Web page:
But there was nothing to help retailers with rising interchange fees - fees merchants paid to financial firms that operate customer cards every time a transaction is made. Liberal consumer affairs critic Dan McTeague points out some of these fees have nearly doubled in the past two years, while the Canadian Federation of Independent Business is warning debit fees will also rise if credit card companies are allowed in.
Bottom line is where there’s blood, there are sharks. So now we’re watching a new breed of last-resort lenders crop up to fill the void. First, they feasted on desperate consumers denied credit, offering short-term loans with fees and interest that combined could hit as high as 300 per cent or more. Under Canada’s criminal law, a usury rate is anything 60 per cent or higher.

Now, they’re feasting on small to medium-sized business owners, offering them short-term financing in the little-known merchant cash-advance industry. Basically, this sector offers alternative financing, in exchange for a percentage of the company’s future credit-and-debit-card sales, also known as credit-card receivables factoring. The fees are high, so is the interest, which can typically work out to 70 per cent.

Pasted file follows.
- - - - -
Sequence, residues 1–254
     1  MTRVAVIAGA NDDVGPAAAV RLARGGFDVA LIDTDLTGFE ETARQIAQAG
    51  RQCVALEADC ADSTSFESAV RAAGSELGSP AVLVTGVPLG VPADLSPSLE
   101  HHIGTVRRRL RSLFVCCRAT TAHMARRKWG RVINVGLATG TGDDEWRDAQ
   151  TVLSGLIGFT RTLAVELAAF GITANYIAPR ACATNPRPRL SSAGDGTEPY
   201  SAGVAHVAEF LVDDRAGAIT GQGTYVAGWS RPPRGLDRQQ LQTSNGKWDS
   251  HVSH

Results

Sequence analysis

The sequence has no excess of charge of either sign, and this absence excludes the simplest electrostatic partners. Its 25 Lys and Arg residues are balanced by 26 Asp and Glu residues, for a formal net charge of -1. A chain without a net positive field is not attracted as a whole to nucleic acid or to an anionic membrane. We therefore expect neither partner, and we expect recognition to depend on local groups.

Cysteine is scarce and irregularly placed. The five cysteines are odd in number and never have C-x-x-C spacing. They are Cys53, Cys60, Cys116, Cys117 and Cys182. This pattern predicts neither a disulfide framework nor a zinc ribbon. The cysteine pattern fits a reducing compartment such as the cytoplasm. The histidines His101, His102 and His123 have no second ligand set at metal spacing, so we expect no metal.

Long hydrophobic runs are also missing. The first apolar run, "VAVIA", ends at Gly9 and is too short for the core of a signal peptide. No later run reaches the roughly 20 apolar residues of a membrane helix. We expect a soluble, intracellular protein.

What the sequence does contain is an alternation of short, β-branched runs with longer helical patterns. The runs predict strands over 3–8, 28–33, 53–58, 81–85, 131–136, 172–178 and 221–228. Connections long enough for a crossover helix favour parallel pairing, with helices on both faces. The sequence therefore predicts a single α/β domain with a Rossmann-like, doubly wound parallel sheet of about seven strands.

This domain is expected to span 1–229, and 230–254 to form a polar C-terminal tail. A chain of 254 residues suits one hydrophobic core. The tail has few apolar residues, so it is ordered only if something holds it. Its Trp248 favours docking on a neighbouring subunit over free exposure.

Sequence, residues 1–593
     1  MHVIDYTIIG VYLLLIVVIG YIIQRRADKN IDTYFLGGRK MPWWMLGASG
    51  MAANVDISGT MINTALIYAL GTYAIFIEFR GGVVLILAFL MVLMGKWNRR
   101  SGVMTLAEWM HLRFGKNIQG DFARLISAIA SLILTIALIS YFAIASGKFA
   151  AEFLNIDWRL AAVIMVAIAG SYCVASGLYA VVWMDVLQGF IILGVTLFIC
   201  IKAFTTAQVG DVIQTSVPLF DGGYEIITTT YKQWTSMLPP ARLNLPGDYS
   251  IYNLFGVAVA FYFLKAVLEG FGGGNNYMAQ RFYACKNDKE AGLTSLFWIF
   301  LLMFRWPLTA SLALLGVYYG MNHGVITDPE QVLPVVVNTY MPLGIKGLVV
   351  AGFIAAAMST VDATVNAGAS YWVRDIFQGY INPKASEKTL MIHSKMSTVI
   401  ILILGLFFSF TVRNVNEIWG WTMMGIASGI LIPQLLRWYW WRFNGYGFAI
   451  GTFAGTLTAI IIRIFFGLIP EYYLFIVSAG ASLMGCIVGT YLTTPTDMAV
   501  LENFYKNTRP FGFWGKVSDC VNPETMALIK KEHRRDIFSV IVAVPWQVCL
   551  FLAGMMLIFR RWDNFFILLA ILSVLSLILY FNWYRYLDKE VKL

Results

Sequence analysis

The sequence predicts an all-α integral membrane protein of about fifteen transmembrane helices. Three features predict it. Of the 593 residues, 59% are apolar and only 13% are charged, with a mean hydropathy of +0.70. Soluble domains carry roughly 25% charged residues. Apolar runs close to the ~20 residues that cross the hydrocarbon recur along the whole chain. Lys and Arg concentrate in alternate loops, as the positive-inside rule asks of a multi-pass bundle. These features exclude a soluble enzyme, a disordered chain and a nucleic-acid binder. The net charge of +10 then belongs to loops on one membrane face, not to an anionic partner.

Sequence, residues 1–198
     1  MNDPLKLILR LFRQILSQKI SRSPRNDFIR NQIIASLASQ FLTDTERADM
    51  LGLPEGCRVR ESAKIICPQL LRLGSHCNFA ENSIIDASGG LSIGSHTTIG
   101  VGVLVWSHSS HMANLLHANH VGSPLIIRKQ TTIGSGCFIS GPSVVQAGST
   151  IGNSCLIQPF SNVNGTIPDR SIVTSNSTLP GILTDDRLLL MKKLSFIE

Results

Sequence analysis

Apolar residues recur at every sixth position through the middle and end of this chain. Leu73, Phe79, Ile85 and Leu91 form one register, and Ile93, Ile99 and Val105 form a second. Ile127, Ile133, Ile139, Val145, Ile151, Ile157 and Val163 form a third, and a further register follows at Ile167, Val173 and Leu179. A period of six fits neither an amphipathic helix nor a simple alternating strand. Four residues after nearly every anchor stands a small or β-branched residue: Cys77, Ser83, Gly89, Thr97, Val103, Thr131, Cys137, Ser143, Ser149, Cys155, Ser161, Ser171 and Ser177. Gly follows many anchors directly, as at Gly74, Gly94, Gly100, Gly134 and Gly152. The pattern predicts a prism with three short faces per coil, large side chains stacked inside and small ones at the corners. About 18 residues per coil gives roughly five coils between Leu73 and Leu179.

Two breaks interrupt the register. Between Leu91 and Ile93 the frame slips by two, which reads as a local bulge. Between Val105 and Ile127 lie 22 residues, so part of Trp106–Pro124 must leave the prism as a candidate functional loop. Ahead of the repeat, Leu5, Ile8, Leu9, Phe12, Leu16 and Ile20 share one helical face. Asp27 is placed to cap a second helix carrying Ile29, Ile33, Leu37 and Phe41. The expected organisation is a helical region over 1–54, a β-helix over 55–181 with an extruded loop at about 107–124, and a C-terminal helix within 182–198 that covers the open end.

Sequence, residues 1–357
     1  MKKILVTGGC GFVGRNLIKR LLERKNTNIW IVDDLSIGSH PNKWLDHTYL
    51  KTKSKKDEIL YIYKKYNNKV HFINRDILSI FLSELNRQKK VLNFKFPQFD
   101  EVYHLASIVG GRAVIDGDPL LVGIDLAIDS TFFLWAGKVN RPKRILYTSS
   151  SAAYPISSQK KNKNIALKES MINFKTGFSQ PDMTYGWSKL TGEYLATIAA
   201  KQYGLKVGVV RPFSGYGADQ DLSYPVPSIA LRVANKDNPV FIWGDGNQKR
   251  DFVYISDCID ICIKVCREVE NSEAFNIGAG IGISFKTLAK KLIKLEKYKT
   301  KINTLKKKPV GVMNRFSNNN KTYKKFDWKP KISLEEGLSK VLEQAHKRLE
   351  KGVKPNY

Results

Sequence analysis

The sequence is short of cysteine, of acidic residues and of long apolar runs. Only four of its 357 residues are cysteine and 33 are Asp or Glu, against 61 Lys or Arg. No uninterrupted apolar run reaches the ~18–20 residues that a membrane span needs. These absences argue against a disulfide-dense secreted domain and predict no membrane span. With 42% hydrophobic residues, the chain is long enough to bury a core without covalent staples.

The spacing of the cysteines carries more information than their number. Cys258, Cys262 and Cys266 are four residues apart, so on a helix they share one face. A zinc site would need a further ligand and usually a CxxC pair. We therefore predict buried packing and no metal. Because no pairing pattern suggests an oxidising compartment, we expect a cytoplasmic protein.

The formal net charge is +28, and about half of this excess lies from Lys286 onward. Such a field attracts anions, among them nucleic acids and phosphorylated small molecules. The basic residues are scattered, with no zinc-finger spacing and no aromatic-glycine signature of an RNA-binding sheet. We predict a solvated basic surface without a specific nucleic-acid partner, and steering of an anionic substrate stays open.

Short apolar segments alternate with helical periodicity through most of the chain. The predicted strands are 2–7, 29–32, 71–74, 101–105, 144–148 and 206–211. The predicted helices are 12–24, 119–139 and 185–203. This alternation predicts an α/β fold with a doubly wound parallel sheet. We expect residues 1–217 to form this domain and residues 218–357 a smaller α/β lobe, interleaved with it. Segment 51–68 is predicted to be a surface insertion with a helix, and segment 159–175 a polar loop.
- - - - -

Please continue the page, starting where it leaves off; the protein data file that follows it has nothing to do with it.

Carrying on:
Other dragons yet to be slayed are greedy speculative traders in our capital markets, who manipulate prices making them rich, while firms go belly up and employees and investors lose it all. Think Enron.

As for signs we’re may be coming out of this economic mess, here are some: Even though Canada’s unemployment rate held steady at 8 per cent in April - its highest level in seven years - overall employment grew by a surprising 35,900 jobs, Statistics Canada recently reported.
Yet, labour critics were quick to point out the growth was due to a jump in self-employment by 37,000, as people gave up looking to find a job working for a firm, and instead became self-employed.